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FOR IMMEDIATE RELEASE CONTACT: Kathleen Holmay Date Mailed: April 9, 1993 MATHEMATICS AWARENESS WEEK IS April 25 - May 1, 1993 (Washington, DC) . . . . . Mathematics & Manufacturing is the theme for Mathematics Awareness Week, which is being observed nationwide from April 25 - May 1, 1993. This theme recognizes the importance of manufacturing to the nation's competitive position in the global economy. The theme also highlights the critical involvement of the mathematical and computational sciences in developing new technologies and decision making tools in manufacturing. A number of areas of contemporary manufacturing that rely on mathematics are undergoing especially rapid evolution. These include intelligent manufacturing and solid modeling - basic technologies that underlie other emerging manufacturing technologies; and, rapid prototyping, molecular manufacturing, and biomanufacturing - technologies that did not exist ten years ago. Branches of mathematics, known collectively as quantitative methods, now supplement the traditional humanistic approach to management decisions and include: operations-based performance measures, flexible manufacturing systems, computer-based information management, and integrated manufacturing. 1993 Mathematics Awareness Week events mark the significant contributions mathematics is making to American manufacturing and the critical role it plays in helping the United States increase its manufacturing capabilities. Nationwide celebrations of Mathematics Awareness Week feature proclamations from many of the nation's governors, legislators, and mayors. Colleges, universities, and research laboratories across the country hold competitions, exhibits, demonstrations, lectures and other events to mark the week. On three Sundays in April the Public Broadcasting Service will air hour-long special MATHNET programs produced by the Children's Television Workshop. The dates and titles are: April 11 - The Case of the Mystery Weekend April 18 - The Case of the Smart Dummy April 25 - The Case of the Bermuda Triangle The applications of mathematics to manufacturing are symbolized by the Mathematics Awareness Week poster, an illustration of how surface molecules might be moved by a scanning tunneling microscope probe, part of a Molecular Manufacturing Machine being developed by the National Institute of Standards and Technology. The poster text is drawn from the recent report, The Mathematical and Computational Sciences in Emerging Manufacturing Technologies and Management Practices, by Avner Friedman, James Glimm, and John Lavery, published last year by the Society for Industrial and Applied Mathematics. The report focuses on the contributions that the mathematical and computational sciences community makes to technology, management, and education for manufacturing, and on the opportunities for mathematical/computational research that manufacturing creates. Mathematics Awareness Week is coordinated by the Joint Policy Board for Mathematics which represents three national mathematics organizations, the American Mathematical Society, the Mathematical Association of America, and the Society for Industrial and Applied Mathematics. Funding for the week is provided, in part, by the U.S. Army Research Office.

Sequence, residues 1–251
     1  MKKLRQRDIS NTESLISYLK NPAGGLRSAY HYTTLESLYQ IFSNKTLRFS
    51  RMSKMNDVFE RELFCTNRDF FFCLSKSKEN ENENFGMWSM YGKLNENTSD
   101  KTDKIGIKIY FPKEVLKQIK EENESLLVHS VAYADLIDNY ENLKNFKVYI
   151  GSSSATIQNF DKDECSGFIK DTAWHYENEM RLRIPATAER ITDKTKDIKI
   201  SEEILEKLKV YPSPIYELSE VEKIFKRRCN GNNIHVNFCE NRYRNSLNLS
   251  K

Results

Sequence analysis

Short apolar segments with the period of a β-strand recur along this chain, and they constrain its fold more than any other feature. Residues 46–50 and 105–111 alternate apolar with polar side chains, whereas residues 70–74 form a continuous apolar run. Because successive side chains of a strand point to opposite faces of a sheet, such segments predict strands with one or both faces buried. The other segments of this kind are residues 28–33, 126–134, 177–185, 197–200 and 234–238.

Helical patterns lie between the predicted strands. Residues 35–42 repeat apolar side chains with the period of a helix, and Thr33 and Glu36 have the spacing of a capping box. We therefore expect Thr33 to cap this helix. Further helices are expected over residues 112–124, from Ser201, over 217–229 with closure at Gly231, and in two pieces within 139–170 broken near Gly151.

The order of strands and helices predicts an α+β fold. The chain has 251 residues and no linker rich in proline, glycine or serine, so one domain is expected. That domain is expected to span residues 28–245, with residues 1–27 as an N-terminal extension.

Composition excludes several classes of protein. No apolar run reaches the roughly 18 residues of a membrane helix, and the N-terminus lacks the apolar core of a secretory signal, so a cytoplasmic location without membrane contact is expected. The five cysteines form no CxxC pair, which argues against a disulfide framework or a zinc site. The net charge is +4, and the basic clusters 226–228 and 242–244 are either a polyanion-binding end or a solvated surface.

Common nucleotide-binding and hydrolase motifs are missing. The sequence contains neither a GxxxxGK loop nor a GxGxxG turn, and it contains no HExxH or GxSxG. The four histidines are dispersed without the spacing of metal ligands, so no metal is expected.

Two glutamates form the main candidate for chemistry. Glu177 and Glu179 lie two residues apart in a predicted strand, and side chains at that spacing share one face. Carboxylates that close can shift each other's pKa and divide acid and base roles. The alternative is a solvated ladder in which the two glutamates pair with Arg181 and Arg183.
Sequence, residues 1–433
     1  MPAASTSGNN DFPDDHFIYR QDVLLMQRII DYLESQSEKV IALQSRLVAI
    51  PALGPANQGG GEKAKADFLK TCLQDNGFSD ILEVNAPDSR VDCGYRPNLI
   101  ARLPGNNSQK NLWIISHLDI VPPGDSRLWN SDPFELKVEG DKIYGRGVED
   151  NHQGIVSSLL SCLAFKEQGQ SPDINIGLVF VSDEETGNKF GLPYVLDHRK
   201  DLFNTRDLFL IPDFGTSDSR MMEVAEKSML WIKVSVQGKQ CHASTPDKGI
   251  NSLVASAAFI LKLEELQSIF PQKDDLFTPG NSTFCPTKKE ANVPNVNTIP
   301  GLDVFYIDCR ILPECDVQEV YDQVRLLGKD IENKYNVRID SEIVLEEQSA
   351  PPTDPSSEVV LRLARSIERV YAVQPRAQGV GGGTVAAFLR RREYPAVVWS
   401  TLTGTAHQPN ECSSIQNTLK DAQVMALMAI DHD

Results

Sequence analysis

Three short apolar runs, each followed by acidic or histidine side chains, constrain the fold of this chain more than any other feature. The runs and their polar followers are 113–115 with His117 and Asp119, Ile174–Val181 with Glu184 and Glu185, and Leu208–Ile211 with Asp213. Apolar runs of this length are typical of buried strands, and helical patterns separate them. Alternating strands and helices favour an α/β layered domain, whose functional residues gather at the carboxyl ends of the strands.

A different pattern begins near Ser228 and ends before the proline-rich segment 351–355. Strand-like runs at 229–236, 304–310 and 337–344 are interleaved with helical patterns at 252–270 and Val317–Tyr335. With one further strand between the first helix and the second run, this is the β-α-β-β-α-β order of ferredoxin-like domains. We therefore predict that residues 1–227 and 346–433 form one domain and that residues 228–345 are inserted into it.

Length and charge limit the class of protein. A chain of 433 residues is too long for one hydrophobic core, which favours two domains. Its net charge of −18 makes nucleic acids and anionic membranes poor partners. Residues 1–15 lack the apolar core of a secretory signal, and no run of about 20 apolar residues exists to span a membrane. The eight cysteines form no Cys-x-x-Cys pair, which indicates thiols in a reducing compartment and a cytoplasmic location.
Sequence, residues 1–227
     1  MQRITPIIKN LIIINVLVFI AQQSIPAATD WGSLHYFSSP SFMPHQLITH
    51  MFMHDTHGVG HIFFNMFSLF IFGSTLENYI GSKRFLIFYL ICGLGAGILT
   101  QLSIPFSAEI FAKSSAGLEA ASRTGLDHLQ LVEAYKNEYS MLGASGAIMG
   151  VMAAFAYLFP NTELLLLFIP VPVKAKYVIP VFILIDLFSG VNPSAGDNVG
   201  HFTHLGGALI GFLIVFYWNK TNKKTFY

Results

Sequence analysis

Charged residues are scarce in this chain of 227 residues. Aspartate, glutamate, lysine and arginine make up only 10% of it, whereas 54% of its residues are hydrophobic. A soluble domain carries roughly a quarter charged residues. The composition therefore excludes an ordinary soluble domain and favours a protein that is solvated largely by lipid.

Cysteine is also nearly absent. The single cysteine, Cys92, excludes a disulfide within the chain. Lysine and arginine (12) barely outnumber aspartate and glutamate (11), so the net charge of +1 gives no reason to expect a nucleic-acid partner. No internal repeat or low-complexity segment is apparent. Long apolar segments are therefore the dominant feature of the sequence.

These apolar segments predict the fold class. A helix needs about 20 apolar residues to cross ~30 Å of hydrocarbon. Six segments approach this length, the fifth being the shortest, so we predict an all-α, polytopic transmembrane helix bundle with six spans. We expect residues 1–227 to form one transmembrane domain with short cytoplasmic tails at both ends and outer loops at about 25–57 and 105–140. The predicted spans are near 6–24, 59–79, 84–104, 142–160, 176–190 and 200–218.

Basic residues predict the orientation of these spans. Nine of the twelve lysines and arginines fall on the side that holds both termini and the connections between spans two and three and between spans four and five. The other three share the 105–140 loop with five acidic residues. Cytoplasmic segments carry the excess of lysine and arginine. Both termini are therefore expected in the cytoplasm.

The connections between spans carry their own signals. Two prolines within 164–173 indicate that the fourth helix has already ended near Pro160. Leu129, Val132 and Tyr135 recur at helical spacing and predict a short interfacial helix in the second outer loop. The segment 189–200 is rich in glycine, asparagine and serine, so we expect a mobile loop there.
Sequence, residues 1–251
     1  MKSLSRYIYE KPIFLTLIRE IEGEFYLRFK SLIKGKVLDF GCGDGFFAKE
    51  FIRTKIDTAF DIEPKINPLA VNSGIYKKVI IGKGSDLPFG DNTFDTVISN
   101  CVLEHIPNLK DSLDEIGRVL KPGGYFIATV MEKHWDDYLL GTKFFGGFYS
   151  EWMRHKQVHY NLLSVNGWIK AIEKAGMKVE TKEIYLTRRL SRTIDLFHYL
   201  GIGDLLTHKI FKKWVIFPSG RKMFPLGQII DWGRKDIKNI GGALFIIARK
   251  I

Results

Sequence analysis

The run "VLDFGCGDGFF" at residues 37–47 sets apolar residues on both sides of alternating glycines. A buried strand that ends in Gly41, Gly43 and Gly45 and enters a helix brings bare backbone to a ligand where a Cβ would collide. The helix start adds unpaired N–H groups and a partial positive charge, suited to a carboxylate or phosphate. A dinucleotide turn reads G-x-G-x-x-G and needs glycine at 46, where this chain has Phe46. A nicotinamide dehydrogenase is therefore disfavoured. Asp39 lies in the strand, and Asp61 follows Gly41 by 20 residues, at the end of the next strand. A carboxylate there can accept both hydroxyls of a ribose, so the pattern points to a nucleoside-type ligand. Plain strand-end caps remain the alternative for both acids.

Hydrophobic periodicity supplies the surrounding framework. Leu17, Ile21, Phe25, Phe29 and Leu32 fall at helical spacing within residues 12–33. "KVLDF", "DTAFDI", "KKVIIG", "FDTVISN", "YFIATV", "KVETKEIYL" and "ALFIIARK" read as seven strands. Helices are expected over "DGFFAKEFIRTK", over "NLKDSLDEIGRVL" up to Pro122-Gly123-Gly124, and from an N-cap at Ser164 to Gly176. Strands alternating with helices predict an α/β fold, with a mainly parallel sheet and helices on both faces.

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NATIONAL EVENTS TO MARK MATHEMATICS AWARENESS WEEK April 25 - May 1, 1993 Mathematics Awareness Week will be celebrated throughout the United States from April 25 - May 1, 1993. This year's theme is Mathematics and Manufacturing. In addition to hundreds of activities taking place at schools, colleges and universities, and at research labs and within business and industry, several national events and programs are planned. During Mathematics Awareness Week the Manufacturing Technologies Laboratory from the National Center for Manufacturing Sciences will be in the Washington, D.C region. The 36-foot mobile lab contains state of the art technology including robotics and computer-aided design stations. The work stations are networked, machine cells are set up, and robots are programmed. These technologies are used for the design and production of actual products. Dates and locations are: Monday, April 26 - American Chemical Society Tuesday-Wednesday, April 27-28 - Baltimore Museum of Industry Thursday, April 29 - U. S. Capitol, offering hands-on demonstrations to recipients of Presidential Awards for Excellence in Science and Mathematics Teaching and to Members of Congress. On Friday, April 30, University of Chicago Professor Zalman Usiskin, Director of the University of Chicago School Mathematics Project, will be the keynote speaker at a Washington, D.C. reception honoring recipients of Presidential Awards for Excellence in Science and Mathematics Teaching. His topic will be, "The Current State of Elementary School Mathematics and Science, and What We Can Do About It." On Friday April 30, a framed poster will be presented to NIST Acting Director Raymond Kammer during ceremonies at NIST on Friday, April 30, 1993. NIST is the source for the graphic art on the theme poster and postcards for Mathematics Awareness Week 1993. On Thursday and Friday, April 29 and 30, the finals of the national MATHCOUNTS competition will be held. Seventh and eighth grade student teams and their teacher-coaches will represent their states in Washington, D.C. On Sunday, April 25, the Public Broadcasting Service will air the last in a series of three hour-long special MATHNET programs produced by the Children's Television Workshop. The broadcast dates and program titles are: April 11 - The Case of the Mystery Weekend April 18 - The Case of the Smart Dummy April 25 - The Case of the Bermuda Triangle Regional and local celebrations of Mathematics Awareness Week will feature proclamations from many of the nation's governors, legislators, and mayors as well as competitions, exhibits, demonstrations, lectures and other events. Mathematics Awareness Week is coordinated by the Joint Policy Board for Mathematics which represents three national mathematics organizations, the American Mathematical Society, the Mathematical Association of America, and the Society for Industrial and Applied Mathematics.